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Social Norms and Sexual Assault Prevention

Data from a study published in 2003 suggested that men underestimate the importance that most men and women place on consent and the willingness of most men to intervene against sexual assault (Fabiano et al., 2003). In addition, this study demonstrated men's personal adherence to only consensual activity and their willingness to act as women's allies are strongly influenced by their perceptions of other men's and women's norms. These findings clearly support the proposition that accurate normative data which counter the misperception of rape-supportive environments can be a critical part of campus efforts to prevent sexual violence against women.

To date, there have been a small number of interventions that have used the social norms approach to reduce the incidence of sexual assault. Two of these are described briefly below.

James Madison University: "A Man…" Project

In a project funded by the Virginia Department of Health, James Madison University's "A Man…" Project used three approaches to address male sexual assault prevention: a social norms marketing campaign, intentional educational programs, and male peer-to-peer education. Year One of this project was completed in the 1999-2000 academic year and involved a quasi-experimental design. In a 1992 article Berkowitz suggested that, since most of the factors that facilitate male sexual coercion are learned in all male groups, prevention programs should be delivered by men to all-male groups. Therefore, four all-male student groups were recruited, but received no specific interventions for use as a comparison group. Four additional all-male organizations were recruited to serve as treatment groups. These groups posted social norms marketing flyers in their living and working areas and attended two educational programs: Dr. Christopher Kilmartin’s play, Crimes Against Nature, which addresses male socialization issues, and a presentation by a male peer education group.

Year-one comparison of the 10 behavioral items on the pre and post-test surveys indicated positive behavioral change among members of the treatment group and negative behavioral change among members of the comparison group. Specifically, there was a reported decrease in the percentage of men believing that the average James Madison University (JMU) male 1) has sex when intoxicated; 2) won't stop sexual activity when asked to if he is already aroused; and 3) makes out in remotely parked cars. There also was an increase in the percentage of men who indicated that they stop the first time their date says 'no' to sexual activity.

In year two the project was expanded to include the entire campus. Significant all-campus changes at the end of year two include decreases in the percentage of men who believe that the average JMU male: 1) has sex when his partner is intoxicated; 2) won't stop sexual activity when asked to if he is already sexually aroused. Decreases were also found in the percentage of men who indicated that 1) they believe talking about sex destroys the romance of the moment; and 2) they think it is okay to pressure a date to drink alcohol in order to improve one's chances of getting one's date to have sex (Bruce, 2002).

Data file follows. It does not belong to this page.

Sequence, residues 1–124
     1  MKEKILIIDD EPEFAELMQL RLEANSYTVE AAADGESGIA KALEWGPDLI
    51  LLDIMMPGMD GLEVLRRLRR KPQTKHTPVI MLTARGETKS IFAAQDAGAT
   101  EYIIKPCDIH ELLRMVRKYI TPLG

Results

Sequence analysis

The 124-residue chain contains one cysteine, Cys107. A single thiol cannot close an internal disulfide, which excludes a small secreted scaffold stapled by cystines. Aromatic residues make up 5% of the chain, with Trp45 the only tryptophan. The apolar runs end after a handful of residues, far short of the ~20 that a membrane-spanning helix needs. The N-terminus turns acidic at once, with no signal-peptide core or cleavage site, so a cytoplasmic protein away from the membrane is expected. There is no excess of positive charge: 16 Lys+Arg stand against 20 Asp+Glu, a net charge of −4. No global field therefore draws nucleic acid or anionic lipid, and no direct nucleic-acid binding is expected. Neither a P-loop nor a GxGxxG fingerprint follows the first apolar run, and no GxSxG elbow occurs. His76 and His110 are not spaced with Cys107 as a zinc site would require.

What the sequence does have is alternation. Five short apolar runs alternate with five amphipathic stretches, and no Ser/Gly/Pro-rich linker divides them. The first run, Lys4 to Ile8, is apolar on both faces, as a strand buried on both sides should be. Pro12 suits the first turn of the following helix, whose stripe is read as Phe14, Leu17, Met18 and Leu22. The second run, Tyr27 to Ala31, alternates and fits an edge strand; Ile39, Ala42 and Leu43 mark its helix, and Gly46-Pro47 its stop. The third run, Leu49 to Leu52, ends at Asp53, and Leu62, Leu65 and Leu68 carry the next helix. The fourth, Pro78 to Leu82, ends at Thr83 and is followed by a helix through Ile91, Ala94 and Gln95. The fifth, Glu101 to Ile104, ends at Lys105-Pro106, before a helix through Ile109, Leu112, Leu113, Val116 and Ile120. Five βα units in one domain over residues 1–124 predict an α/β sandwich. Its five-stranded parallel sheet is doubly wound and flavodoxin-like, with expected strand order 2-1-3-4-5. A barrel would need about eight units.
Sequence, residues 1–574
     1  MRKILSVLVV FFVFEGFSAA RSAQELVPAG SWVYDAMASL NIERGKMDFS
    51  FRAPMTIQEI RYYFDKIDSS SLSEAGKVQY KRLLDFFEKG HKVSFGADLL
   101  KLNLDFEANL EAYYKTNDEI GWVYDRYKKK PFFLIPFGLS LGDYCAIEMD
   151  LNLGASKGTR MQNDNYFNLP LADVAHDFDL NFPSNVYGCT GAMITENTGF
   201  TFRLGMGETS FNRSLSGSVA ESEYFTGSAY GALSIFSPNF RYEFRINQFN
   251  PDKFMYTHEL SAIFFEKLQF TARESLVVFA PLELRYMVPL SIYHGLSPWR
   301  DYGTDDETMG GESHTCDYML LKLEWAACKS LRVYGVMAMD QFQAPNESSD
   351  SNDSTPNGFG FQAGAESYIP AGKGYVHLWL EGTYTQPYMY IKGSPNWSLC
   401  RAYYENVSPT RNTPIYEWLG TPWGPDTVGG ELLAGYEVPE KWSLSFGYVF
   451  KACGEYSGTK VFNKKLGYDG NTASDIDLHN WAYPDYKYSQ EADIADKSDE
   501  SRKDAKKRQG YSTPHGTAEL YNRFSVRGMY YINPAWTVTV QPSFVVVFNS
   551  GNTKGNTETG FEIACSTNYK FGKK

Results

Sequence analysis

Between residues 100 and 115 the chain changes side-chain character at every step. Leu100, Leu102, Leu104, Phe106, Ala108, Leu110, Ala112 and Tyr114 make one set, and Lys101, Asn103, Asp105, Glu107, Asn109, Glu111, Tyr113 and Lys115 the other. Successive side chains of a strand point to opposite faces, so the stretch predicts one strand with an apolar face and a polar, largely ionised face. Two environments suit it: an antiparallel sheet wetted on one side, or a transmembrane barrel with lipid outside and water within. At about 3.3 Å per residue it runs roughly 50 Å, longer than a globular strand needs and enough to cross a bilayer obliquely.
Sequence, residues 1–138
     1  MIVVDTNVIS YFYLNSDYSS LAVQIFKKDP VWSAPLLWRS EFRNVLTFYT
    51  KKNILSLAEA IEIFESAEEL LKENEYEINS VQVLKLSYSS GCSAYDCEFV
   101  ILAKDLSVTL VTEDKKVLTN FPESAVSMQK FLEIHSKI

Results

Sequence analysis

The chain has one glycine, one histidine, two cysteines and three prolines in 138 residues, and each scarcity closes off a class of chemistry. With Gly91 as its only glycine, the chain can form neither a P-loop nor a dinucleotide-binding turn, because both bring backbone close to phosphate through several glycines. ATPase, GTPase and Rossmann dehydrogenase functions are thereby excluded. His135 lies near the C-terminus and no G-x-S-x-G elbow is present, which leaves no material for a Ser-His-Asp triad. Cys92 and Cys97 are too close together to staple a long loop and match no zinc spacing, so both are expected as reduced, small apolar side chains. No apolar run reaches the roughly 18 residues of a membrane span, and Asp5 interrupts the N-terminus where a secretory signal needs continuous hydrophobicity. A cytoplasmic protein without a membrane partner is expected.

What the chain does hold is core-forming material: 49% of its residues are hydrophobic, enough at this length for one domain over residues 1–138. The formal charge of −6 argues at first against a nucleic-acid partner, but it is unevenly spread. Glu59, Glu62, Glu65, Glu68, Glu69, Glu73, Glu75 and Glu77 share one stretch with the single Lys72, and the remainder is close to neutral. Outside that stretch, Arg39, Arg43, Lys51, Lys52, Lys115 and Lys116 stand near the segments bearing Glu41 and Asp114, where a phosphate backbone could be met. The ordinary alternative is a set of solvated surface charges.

Acquaintance Rape and Male High School Students

A recent study in Missouri investigated the effects of a social norms based intervention on high school males' rape-supportive attitudes and behaviors, as well as their views of the norms of their peers. The experimental group participated in a 3-session intervention on acquaintance rape, which incorporated local social norms. Following each session, the participants completed a Thought Listing Form. At post-test and 4-week follow-up they again completed the quantitative measures. As hypothesized, the participants ratings of their peers were significantly worse than their ratings of themselves at pre-test regarding attitudes toward sexual violence. However, the experimental group participants ratings of their peers' were significantly more accurate following the intervention, indicating that they viewed their peers as less rape-supportive. At post-test, the experimental group demonstrated a significant decrease in rape-supportive attitudes as compared to the control group, and the decrease was maintained at follow-up.


Berkowitz, A.D. "College Men as Perpetrators of Acquaintance Rape and Sexual Assault." Journal of American College Health, 1992, 40, 175-181.

Bruce, S. The "A Man..." Campaign: marketing Social Norms to Prevent Sexual Assault. The Report on Social Norms, Working Paper #5, July 2002.

Fabiano, P., Perkins, H.W., Berkowitz, A., Stark, C. "Engaging Men as Social Justice Allies in Ending Violence Against Women: Evidence for a Social Norms Approach." Journal of American College Health, 2003, Vol. 52, No. 3, 105-112.

Hellenbrand-Gunn, T.L., Mauch, P.A., Park, H. "Acquaintance Rape and Male High School Students: Can a Social Norms Intervention Change Attitudes and Perceived Norms?" Paper presented at the Annual Convention of the American Psychological Association, August 2004, Honolulu, Hawaii.

**Portions of the information presented on this page were originally prepared by Michael Haines and Richard Rice and are printed here with their permission.